Clarence Hare

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Clarence H. Hare (1880–1967) was a native of New Zealand and explorer of Antarctica. He was part of the shore party at Hut Point in the Discovery Expedition of 1901–1903. In this service he narrowly escaped death on Ross Island on 11-13 March 1902.

Antarctica[edit]

Hare was born in December 1880 in Invercargill, the son of a banker.[1] He began his adult life as a clerk, and was employed in this position in November 1901 when the RRS Discovery made landfall in his then-home, Lyttelton. The ship dismissed its wardroom assistant and steward in this port, and Hare, who had befriended ship's officer Reginald Ford, was signed on the spot to fill the vacancy on the ship's roster. He soon learned that this assignment meant that he would be the personal steward of the ship's captain, Robert Falcon Scott. As a ship's captain on a vessel unofficially but firmly run along Royal Navy lines, Scott was rated to have a personal servant. Hare kept his own journal and counsel, observing at one point that his captain was "over sensitive and got worked up if things did not go as planned."[2][3]

Soon after the expedition landed on Ross Island in March 1902, Hare joined a sledging party who intended to probe the 80-km. length of the island, with their goal that of reaching the other end, Cape Crozier. Hare got physically lost on this icy journey and was in the field, without equipment to camp or build a fire, for forty-eight hours. Hare later confessed that, lonely and discouraged, he had sat down in the snow to die; his life had been saved by a sled dog, Kid, whom Hare (who had no Polar experience) had treated as a sort of pet dog. While this type of contact between humans and sled dogs is not generally recommended, it had encouraged Kid to become affectionate with the human, and in this crisis Kid revived the endangered explorer by licking his face.[4] Eventually, although completely alone, Hare managed to orient himself and return to base.[2]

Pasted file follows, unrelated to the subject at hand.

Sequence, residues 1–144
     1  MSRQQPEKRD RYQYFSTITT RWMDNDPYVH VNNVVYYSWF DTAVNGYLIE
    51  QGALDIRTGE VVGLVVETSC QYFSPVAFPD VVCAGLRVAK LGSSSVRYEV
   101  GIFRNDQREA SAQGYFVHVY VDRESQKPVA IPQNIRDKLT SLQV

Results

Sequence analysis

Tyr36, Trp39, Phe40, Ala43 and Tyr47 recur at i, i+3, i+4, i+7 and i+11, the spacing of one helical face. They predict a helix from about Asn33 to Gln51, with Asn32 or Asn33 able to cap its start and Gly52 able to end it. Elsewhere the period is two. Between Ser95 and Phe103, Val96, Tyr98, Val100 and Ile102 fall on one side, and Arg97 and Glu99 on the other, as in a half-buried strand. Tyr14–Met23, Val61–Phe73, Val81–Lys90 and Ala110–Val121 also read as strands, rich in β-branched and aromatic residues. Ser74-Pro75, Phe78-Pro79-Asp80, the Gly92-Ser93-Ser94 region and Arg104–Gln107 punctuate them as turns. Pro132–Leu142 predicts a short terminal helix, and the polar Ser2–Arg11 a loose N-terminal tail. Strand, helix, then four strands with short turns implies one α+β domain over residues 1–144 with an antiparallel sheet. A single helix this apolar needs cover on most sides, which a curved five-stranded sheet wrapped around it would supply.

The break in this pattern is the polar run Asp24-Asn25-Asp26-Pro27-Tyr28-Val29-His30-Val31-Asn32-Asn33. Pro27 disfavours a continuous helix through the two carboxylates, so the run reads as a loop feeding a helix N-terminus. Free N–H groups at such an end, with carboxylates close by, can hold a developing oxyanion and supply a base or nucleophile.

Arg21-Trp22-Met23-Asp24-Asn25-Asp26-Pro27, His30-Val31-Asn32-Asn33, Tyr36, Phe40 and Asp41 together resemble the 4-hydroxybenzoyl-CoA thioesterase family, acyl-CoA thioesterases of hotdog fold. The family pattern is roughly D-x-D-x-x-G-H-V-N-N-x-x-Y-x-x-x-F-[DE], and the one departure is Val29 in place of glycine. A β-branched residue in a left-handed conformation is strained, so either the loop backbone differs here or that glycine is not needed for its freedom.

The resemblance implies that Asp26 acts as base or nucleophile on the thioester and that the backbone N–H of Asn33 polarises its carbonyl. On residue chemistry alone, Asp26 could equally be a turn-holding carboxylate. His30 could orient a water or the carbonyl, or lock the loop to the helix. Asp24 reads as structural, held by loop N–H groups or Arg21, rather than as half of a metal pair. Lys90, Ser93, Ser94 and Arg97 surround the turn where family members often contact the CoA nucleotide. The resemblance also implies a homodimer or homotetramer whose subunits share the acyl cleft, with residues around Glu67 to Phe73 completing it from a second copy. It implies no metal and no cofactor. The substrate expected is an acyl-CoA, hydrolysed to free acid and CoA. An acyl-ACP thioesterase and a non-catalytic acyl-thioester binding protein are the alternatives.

Hare remained at Hut Point during the winter of 1902, but returned to New Zealand in February 1903 aboard a relief ship, the Morning. He again signed on to the Discovery in June 1904 to accompany the captain from New Zealand to London. This was his final Antarctic service; he returned to his native land, and the New Zealand Culture Ministry reports that in later life, the banker's son worked as a piano tuner. When he died in May 1967, he was the final survivor of the Discovery Expedition.[3]

Legacy[edit]

Hare Peak, a summit of the system of mountains that surmounts the eastern side of the Leigh Hunt Glacier, was named after Hare in 1962. It is located on the Dufek Coast within the Ross Dependency, a section of Antarctica that is under the nominal suzerainty of Hare's homeland of New Zealand.

References[edit]

  1. ^ Markham, Clements R. (April 1902). "The Discovery and the Relief Ship". The Geographical Journal. Retrieved 2011-09-15. 
  2. ^ a b Preston, Diana (1999). A First Rate Tragedy: Robert Falcon Scott and the Race to the South Pole. New York City, N.Y.: Mariner Books/Houghton Mifflin Company. 48, 57, 67. ISBN 0-618-00201-4. 
  3. ^ a b ""Clarence Hare on departure for Antarctica"". New Zealand Ministry for Culture and Heritage. Retrieved 2011-09-12. 
  4. ^ ""Diary of Clarence Hare, steward on Antarctic expedition"". New Zealand Ministry for Culture and Heritage. Retrieved 2011-09-12.